Maybe you’ve been at a convention or local comic shop and seen an old Dell comic that had a familiar character on the cover and wondered about it. Dell publishing was one of the giants in the 1940’s when they started publishing Four Color Comics. They had all the big characters of the day that weren’t related to superheroes. Dell published Disney characters like Mickey Mouse, Cinderella, Bambi and Lantz characters Woody Woodpecker, Oswald the Rabbit and Andy Panda. Dell published Bugs Bunny and Porky Pig before and after Warner Bros bought Leon Schlesinger Productions in 1944. The Hanna Barbera character like Huckleberry Hound, Quick Draw McGraw, and Yogi Bear were there as well. They published cowboy comics, comic strip reprints and popular television shows of the day like the Andy Griffith Show and Leave it to Beaver. They even had great artists like Carl Barks, Paul Norris and Walt Kelly. They had everything!
For all that success, Dell got a little crazy when they mixed all these characters and genres into a single title, Four Color Comics. Four Color Comics are some of the most difficult to sort for a plethora of reasons. (Word of the day: Plethora. Use it as much as possible)
For example, if you look at a title like “Smilin’ Jack” this is the numbering, 4, 14, 36, 58, 80, 149. There is no number 1, 2, 3 and from that point on the numbering seems random. Four Color Comic numbering feels like those number sequence puzzles you did in elementary school, except there is no right answer.
Characters were in More Than One Title
Dell produced Four Color comics for a couple decades but they also produced other books about the same characters. Raggedy Ann and Andy appeared in Four Color Comics and their own title during the same time period. In their own title Dell published issues #1 – 39 however in Four Color Comics Dell published issues #5, 23, 45, 72, etc. Which version of issue number 5 and 23 do you have?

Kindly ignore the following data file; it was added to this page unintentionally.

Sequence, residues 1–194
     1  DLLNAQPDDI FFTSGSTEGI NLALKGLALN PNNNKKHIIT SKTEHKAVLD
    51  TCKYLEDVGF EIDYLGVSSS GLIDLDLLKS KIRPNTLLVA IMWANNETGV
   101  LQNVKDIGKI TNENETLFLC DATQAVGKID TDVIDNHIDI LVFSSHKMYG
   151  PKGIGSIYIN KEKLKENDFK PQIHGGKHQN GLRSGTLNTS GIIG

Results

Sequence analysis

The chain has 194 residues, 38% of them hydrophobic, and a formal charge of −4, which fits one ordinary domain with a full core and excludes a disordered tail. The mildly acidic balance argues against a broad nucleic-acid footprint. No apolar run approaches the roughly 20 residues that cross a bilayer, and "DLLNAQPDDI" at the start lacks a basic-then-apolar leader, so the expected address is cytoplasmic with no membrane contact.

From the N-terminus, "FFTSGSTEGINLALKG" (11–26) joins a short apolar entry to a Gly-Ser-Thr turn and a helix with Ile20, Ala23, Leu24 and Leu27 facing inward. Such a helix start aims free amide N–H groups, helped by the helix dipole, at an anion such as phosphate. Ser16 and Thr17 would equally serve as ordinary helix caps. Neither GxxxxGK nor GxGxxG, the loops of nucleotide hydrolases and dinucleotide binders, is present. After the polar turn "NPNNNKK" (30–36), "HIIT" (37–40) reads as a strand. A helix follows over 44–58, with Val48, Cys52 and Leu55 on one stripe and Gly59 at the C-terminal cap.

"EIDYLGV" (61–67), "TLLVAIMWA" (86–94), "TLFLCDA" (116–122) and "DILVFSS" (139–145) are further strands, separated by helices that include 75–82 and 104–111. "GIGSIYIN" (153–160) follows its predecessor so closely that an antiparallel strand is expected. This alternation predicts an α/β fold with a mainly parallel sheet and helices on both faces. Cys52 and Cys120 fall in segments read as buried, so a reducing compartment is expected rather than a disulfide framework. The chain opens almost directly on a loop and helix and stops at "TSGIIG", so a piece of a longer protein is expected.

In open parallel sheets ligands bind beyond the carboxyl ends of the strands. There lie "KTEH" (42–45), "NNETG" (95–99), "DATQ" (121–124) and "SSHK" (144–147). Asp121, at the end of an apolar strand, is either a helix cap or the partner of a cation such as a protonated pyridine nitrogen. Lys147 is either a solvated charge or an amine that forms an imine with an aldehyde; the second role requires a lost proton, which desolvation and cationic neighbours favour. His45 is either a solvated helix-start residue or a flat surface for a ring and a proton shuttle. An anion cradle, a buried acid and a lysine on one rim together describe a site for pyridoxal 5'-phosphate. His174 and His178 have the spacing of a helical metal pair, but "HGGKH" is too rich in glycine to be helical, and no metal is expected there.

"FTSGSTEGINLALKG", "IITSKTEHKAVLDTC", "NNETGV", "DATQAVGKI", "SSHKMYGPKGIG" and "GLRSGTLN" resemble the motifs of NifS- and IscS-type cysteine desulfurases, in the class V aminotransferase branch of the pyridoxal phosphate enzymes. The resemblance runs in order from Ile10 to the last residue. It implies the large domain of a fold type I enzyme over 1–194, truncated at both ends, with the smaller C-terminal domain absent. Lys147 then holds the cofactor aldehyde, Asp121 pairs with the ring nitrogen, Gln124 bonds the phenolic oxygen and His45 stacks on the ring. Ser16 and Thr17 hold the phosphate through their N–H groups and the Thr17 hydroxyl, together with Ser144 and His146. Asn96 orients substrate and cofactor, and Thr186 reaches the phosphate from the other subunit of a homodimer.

Comic book price guides can sort these books by character or number. If you sort them by the number it’s tough for new collectors to find them. When they type in the title of the book, “Felix the Cat” nothing appears because it’s listed as Four Color Comic #15. This is how the old Overstreet Price Guide sorted them, but that doesn’t work for an online price guide. If you sort them by character name, experienced collectors have trouble finding them. They have already learned about the Four Color dilemma.
Age of the Comics
Four Color Comics were sold from 1942 until 1962. The oldest issues are currently 76 years old which means that most people who bought them off the comic rack are pretty dang old or not around anymore.
Front Cover Labeling
Issues 1 through 101 say in small print on the front cover, “Four Color Comic No. ____”. Starting with issue 102 they eliminated that necessary labeling. In favor of clear labeling, they called all subsequent issues one-shots. Because having 14 different one-shots of the same character is obviously better than calling it by its correct name. (sarcasm)
Near the end of the Four Color run random numbers were skipped. Issues 1312 and 1313 is immediately followed by issues 1328 and 1329. Were those missing issues ever made? Was Dell simply unorganized? Was someone stoned out of their mind?
So at Comics Price Guide, we have all Four Color comics sorted by character (for newbies) with “Four Color” in each title. (for experienced collectors) That means that you can type “Donald Duck”, “Donald Duck Four Color” or even “Donald Duck in Frozen Gold” and get the correct title.
To further help we are creating a complete list of all Four Color comics by number and linked to our comic book price guide. Hopefully, this epic list of over 1300 awesome issues will be finished this week. By the way, Action Comics #1000 you aren’t the first to reach that milestone, second isn’t so bad.
– Ron C.